TO Weekly Supplement: The Ties that Bind: Biden and His Bankers


(reprinted from The Organizer Weekly Newsletter No. 2 — June 25, 2020)

From its inception, the political career of Joseph Biden has been rooted in the service of investment and finance capital. Biden’s actual role runs counter to his cultivated posture as “average Joe” standing for the supposed “middle-class” interests of working people. By reviewing Biden’s financial contributors, political action committees, and “bundlers,” it is apparent who actually holds sway over Joe Biden and the power core of Democratic Party institutions. The same forces that control the hegemonic capitalist political status quo are mobilizing to proffer a nominal “opposition” party alternative to the Trump administration and its evident crisis for the capitalists.

These very forces that crafted the Biden campaign and kicked off events one year ago illuminate the true nature of the Biden faction’s consolidation of power over the Democratic Party and its institutions. In April 2019 Republican and Democratic corporate leaders launched Biden’s presidential bid with large contribution fundraisers. David Cohen, the Comcast lobbying executive who directs 90% of his political funding to the Republican Party, hosted Biden at a key event in his Philadelphia home. Lee Fang of The Intercept noted pointedly, “The fundraising event on day one of Biden’s campaign … suggests that he’s pursuing cash from bipartisan sources.”

Biden’s Political Action Committee, “Unite the Country,” a Super PAC launched in the fall of 2019 was a vehicle for unlimited corporate, lobbyist, and financial service funds to power Biden’s presidential bid. In, Tantyana Monnay observed, “The industry gave more to Democrats than they did to Republicans. In this cycle alone Democrats and liberal outside groups received 58% of the industry’s political giving.”

As Biden consolidated his position after the South Carolina and Super Tuesday primaries, his campaign utilized the main Democratic Party Super PAC “Priorities/USA,” which had been equally Hillary Clinton’s main 2016 Super PAC, and now emerged as the lead fundraising vehicle for 2020.

In late April 2020 the Democratic National Committee and the Biden Campaign also formed the “Biden Victory Fund” to jointly fund the campaign and the national and state Democratic parties, which have individual contribution limits.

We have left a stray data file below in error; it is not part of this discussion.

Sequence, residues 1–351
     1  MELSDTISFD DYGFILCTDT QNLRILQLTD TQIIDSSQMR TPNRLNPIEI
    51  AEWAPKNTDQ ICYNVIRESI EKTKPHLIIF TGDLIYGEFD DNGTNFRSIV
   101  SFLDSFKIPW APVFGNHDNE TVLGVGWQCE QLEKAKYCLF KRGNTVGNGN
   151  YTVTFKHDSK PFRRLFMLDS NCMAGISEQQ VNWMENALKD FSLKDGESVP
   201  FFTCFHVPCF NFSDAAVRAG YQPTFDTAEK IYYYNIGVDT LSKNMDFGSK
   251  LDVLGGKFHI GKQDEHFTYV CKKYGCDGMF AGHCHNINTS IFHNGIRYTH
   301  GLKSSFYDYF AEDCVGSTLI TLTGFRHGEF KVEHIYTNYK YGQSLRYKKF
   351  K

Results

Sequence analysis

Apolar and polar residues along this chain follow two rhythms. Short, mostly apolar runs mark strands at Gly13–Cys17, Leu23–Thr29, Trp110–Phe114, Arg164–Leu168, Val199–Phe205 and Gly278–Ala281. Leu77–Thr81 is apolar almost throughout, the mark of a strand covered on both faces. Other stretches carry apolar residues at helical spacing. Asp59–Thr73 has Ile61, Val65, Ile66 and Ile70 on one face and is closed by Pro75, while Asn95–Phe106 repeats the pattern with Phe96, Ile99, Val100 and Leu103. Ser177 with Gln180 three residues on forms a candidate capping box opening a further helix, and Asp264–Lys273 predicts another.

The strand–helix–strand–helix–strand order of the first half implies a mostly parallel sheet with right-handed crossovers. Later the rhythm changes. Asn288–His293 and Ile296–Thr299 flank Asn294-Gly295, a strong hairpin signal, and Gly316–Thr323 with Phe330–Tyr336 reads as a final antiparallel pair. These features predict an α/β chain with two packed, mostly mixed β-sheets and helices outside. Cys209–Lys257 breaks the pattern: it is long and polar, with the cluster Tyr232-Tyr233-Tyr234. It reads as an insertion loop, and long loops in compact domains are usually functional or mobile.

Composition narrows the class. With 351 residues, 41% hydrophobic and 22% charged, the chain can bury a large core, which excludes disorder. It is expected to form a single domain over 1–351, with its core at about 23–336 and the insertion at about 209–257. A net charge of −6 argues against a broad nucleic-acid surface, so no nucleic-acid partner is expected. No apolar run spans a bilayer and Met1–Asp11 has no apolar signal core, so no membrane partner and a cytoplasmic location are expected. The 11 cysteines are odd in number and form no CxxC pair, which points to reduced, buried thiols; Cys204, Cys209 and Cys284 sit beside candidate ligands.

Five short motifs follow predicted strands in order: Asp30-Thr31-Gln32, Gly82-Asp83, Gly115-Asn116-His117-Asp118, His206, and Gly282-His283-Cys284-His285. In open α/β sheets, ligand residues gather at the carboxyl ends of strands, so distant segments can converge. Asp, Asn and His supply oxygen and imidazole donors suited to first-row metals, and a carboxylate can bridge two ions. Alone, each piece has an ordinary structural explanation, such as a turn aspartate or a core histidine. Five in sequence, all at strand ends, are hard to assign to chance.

Significantly, select large donors also became what is known as “bundlers” for contributions directly to the Biden Campaign. According to the Center for Economic and Policy Research (CEPR), 47 individuals or couples bundled over $23 million for then-candidate Barack Obama. Biden was required to release a list of over 180 of his “bundlers” at the end of 2019. These big-donor bundlers and another 80-plus since December will be encouraged now to give even more to the “Biden Victory Fund” as well as to unlimited PAC vehicles.

CEPR prepared a revealing breakdown of how the reported “bundlers” connected Biden to key industries and power centers of the U.S. capitalist elite. Twenty-three percent alone belong to financial services, banking and speculators, such as private equity, hedge funds, and venture capital.

It should be noted that five of the bundlers from whom Biden has been accepting campaign contributions are attorneys at law firms with anti-worker histories. These include the firm the AFL-CIO labeled the “No.1 union-buster in America”: Jackson Lewis. Another similar outfit, Cozen O’Connor, had 10 employees max out contributions to the Biden Campaign. Its anti-union founder, Steven A Cozen, is listed officially as a Biden bundler on the campaign website. Employees from Morgan, Lewis and Bockius, another union-busting firm, also helped bankroll Biden. Individuals at O’Melveny and Myers, yet still an additional “union-avoidance” operation, contributed to Biden’s campaign.

“Union Joe” certainly has a plethora of funders who are anti-union professionals.

Journalist William Greider identified the Wall Street “centrist” New Democrats like Clinton and Biden, together with the Republicans, as follows: “The power arrangement resembles a shared monopoly in which two companies have tacitly ceded territories to each other to avoid costly competition.” He adds “the permanent hierarchy of both parties is dominated at the top by a network of pricey Washington lawyers and lobbyists who represent business interests and collaborate with one another on lobbying the government, while pretending to be opponents. These inside players channel their corporate clients’ money to the elected politicians. In effect, everyone is on the same side.”

It’s time for labor to use its resources and the strength in our numbers to build a real alternative to this capitalist political farce. It’s time to lay the groundwork for a party of, by and for the working class and communities of the oppressed.


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